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Roman Emir from Belarusian Lands

Roman Emir from Belarusian Lands

Maximilian Ryllo, a catholic missionary, an archaeologist and a philosopher, is the real pride of Belarus. Thanks to him, the whole world learned about the Middle East and North Africa, famous for their archaeological sites.

There is not much detailed information available about this person’s life. But it is known for sure that Maximilian Stanislav Ryllo was born in 1802 in the town of Podorsk, Volkovysk district, Grodno province, into an impoverished noble family. In 1817 he finished school and entered the Jesuit College in Polotsk, where he received Master’s Degree in Philosophy. In 1820 Maximilian entered the Faculty of Medicine at the Vilnius University. The Russian Empire (today’s Belarus was a part of it then), introduced a ban on the Jesuits’ activities, and Ryllo was forced to set off to Rome. There he studied Philosophy and Theology at the Pontifical Gregorian University. He was awarded the title of Philosophy Professor and began teaching in Jesuit schools.

In 1836, commissioned by Pope Gregory XVI, Ryllo went to Lebanon, where he studied the possibilities of opening a Catholic academy. Maximilian Ryllo was appointed the first inspector of the Vatican in Asia Minor and traveled extensively around that part of the world. In April 1837, Ryllo arrived in Damascus, and from there went to Baghdad and the ancient cities of Mosul and Nineveh. There he met the representatives of local religious movements and organized archaeological excavations. Maximilian Ryllo was one of the first people to study ancient Babylon remains.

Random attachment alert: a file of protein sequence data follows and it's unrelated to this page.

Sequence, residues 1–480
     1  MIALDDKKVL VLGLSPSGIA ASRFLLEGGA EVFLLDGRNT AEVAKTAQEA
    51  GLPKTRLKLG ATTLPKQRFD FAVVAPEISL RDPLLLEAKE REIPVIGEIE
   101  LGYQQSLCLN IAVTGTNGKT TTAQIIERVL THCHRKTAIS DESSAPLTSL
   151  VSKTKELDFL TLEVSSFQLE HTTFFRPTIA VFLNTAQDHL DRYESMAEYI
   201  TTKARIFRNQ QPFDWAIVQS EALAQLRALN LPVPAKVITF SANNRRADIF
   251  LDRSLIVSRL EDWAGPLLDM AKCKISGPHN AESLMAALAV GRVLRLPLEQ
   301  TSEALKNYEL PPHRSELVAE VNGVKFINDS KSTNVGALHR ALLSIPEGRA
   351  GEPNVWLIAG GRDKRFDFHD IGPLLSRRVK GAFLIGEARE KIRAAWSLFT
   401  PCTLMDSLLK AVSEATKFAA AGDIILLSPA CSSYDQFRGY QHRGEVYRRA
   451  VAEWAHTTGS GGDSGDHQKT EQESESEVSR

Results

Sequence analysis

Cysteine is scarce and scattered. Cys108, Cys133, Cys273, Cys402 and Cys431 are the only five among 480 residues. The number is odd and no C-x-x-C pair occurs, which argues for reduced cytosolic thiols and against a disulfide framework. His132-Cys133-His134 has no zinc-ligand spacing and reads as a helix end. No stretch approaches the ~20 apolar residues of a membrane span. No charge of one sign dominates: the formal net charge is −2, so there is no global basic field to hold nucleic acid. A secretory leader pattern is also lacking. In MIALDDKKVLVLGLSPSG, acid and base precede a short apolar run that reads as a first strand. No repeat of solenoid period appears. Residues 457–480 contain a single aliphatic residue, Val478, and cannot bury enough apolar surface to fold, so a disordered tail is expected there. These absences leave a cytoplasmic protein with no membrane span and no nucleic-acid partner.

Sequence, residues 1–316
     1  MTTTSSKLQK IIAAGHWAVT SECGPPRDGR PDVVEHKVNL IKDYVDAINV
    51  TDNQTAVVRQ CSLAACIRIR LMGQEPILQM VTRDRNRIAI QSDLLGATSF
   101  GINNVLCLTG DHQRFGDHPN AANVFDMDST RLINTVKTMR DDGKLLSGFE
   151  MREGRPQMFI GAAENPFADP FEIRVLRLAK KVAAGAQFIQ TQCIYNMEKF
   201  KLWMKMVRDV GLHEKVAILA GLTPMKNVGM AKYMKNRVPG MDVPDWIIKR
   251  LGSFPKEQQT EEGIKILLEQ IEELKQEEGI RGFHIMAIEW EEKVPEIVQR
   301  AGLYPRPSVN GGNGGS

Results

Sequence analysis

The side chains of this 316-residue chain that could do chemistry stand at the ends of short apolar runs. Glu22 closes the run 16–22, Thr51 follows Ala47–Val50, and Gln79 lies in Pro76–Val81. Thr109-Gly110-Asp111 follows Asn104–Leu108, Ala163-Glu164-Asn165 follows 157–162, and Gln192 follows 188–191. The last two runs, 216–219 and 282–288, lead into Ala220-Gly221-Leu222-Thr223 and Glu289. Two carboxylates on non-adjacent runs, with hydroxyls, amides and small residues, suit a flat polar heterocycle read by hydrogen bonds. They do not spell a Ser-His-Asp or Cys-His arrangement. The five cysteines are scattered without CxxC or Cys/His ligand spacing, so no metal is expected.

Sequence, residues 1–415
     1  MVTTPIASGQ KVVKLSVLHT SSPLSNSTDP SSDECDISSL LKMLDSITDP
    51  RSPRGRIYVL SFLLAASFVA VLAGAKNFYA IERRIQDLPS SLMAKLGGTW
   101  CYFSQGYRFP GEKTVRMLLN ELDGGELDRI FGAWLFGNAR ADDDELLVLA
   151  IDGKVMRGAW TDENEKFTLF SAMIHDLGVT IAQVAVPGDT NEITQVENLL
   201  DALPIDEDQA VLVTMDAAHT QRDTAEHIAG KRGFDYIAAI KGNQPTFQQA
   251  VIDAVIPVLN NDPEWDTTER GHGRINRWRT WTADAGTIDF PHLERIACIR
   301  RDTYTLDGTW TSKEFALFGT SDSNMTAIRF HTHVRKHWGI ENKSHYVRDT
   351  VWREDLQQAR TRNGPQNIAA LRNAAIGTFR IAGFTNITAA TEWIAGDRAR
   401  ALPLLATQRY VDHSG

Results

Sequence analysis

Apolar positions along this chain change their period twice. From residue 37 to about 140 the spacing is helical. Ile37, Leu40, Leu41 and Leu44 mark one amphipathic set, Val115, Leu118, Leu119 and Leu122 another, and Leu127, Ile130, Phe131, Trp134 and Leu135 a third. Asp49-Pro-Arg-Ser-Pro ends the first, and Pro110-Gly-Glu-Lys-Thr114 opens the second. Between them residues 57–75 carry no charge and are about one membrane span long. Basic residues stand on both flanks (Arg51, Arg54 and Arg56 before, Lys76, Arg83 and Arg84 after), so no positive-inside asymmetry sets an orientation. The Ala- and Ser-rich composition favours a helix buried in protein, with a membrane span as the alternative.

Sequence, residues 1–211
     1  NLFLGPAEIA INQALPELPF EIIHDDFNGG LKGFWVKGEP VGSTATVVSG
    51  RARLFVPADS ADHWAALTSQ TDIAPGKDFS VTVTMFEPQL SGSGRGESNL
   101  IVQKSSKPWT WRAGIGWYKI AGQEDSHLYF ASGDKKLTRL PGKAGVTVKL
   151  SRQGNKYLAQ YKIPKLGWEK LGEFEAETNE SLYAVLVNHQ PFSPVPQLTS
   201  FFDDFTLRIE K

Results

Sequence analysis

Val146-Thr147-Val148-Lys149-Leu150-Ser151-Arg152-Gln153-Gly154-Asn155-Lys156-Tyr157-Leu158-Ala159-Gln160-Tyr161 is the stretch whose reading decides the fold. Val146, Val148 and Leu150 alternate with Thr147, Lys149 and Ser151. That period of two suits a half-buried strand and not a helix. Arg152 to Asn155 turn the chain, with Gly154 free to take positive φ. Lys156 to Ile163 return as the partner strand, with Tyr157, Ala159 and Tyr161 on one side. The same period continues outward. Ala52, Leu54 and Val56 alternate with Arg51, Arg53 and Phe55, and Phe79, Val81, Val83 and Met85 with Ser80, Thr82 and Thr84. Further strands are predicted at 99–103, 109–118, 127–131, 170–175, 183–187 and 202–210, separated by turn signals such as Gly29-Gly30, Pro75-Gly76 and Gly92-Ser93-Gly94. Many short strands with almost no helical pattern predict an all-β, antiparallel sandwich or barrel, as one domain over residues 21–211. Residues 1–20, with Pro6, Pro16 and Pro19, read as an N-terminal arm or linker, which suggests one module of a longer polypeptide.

At the end of 1837, Ryllo returned to Rome and presented the Pope with a big report about the situation in the Middle East. Ryllo proposed the establishment of a Catholic youth college. Gregory XVI liked this project, and two years later Ryllo headed a mission in Syria, where in Beirut he founded “Cоllegium Asiaticum” which also had a museum and a printing house. In 1875, this educational institution received the status of a university, which functions to this day and bears the name of Maximilian Ryllo.

In 1844, Ryllo went to Malta, where he opened an all-boys Catholic school. Two years later, he sailed to the neighboring island of Sicily to act there as a preacher.

Later, Maximilian Ryllo returned to Rome and became rector of the Roman Collegium. But already two years later, Pope Pius IX, the successor of Gregory XVI, appointed him apostolic vicar in Central Africa – in the Sudanese capital Khartoum.

In 1848 Ryllo travelled to Cairo and Alexandria. According to some reports, the famous scientist and preacher departed his life on June 17, 1848 due to dysentery during his trip to North Africa. The body of Maximilian Ryllo was initially buried in Khartoum, and in 1900 the remains were transported to Cairo, the capital of Egypt, where they were buried in the ancient cemetery of Al-Matariya.